• The best interests of the child concerned;
  • The relationship between the person making the application and the child;
  • The degree of commitment the person making the application has shown towards the child (only specified for Section 23);
  • The extent to which the person making the application has contributed towards the expenses of the child’s birth and/or maintenance (only specified for Section 23); and
  • Any other factor, which in the opinion of the court, should be taken into account.

In considering whether or not to proceed with an application in terms of Section 23/24 it is important to consider the following:

  • To avoid unnecessary litigation, costs and acrimony attempts must be made to mediate any issues before commencing any litigation, except in cases where a child is being abused and/or neglected;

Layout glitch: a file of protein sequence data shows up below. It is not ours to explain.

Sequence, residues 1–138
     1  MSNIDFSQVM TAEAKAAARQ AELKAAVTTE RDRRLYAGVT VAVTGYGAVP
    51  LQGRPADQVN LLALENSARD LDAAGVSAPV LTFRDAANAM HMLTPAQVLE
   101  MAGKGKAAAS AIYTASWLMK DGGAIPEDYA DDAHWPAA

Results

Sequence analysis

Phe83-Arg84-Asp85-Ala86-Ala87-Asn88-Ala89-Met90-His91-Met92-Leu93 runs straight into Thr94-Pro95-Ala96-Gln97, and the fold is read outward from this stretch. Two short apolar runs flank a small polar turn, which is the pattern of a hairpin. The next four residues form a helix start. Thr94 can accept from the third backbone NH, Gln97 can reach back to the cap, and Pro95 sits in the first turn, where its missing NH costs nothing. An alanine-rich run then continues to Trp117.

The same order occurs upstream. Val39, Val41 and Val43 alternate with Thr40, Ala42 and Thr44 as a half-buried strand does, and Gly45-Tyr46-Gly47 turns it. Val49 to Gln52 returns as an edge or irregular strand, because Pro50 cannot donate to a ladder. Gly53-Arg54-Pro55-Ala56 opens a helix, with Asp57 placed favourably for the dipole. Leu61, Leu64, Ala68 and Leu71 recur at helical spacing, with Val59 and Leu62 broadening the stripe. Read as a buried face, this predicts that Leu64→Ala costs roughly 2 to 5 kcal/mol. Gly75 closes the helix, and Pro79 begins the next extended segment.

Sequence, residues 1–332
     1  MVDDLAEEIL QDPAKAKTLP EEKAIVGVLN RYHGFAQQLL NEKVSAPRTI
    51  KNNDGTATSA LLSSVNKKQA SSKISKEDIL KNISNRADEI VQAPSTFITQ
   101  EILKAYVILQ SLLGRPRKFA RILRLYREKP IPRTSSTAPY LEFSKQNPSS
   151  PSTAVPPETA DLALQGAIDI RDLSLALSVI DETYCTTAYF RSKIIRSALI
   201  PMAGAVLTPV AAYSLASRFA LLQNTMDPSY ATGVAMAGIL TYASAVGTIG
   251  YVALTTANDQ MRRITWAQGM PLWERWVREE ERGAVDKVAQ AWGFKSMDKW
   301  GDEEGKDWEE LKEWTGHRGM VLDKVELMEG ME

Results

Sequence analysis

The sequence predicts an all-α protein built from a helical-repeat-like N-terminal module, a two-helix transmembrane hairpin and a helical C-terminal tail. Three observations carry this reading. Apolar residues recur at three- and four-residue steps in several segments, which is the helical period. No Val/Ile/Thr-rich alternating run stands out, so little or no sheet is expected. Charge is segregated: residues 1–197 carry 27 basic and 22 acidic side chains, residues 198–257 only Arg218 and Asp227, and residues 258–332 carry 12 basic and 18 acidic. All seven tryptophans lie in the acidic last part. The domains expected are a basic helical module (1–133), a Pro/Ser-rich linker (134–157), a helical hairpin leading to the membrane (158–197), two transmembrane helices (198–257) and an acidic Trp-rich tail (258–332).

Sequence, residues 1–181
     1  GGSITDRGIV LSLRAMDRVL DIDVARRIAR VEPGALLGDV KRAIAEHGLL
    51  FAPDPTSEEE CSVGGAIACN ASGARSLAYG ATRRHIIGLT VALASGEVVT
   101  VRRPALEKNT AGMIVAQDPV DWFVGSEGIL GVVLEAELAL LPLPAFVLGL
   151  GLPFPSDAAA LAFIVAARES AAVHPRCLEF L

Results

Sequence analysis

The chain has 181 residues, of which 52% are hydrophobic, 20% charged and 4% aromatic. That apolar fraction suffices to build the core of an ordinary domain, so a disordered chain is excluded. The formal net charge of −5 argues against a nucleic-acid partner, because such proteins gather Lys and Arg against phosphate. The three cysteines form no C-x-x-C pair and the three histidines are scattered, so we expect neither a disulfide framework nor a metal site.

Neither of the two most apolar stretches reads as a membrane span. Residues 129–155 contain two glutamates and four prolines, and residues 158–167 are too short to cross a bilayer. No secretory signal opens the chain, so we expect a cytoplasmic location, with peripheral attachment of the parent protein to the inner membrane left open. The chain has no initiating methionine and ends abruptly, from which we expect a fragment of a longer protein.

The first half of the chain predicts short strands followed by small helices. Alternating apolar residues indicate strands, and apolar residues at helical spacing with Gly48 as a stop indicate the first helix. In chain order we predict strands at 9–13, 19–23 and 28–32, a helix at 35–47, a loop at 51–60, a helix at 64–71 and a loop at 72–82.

• The outcome of court processes in respect of children can never be guaranteed and should any application fail, it may only fuel further conflict and isolation;
  • If an order for rights of contact/care is granted in terms of Section 23, this does not affect any parental rights and responsibilities any other person may have; and
  • If an application is made for guardianship in terms of Section 24, it must be demonstrated why any current guardian is not suitable.

Nuno Palmeira





McLarens Attorneys celebrates its 30th anniversary

This September McLarens Attorneys celebrates its 30th birthday.

From its humble beginnings in Delvers Square, Kerk Street Johannesburg McLarens has grown into a boutique Law firm with five Attorneys, one Candidate and four support staff.

McLarens offers expert services in Commercial Law, Company Law, Property Law, Employment Law, Wills Trusts deceased estates and Family Law.

Our clients range from Multinational Corporations, local Business to the man in the street.

We are extremely proud of our journey and mindful of the fact that successes would not be possible without the support of our loyal staff and clients.

We look forward to being of service for many years to come.

Ian McLaren
Senior Partner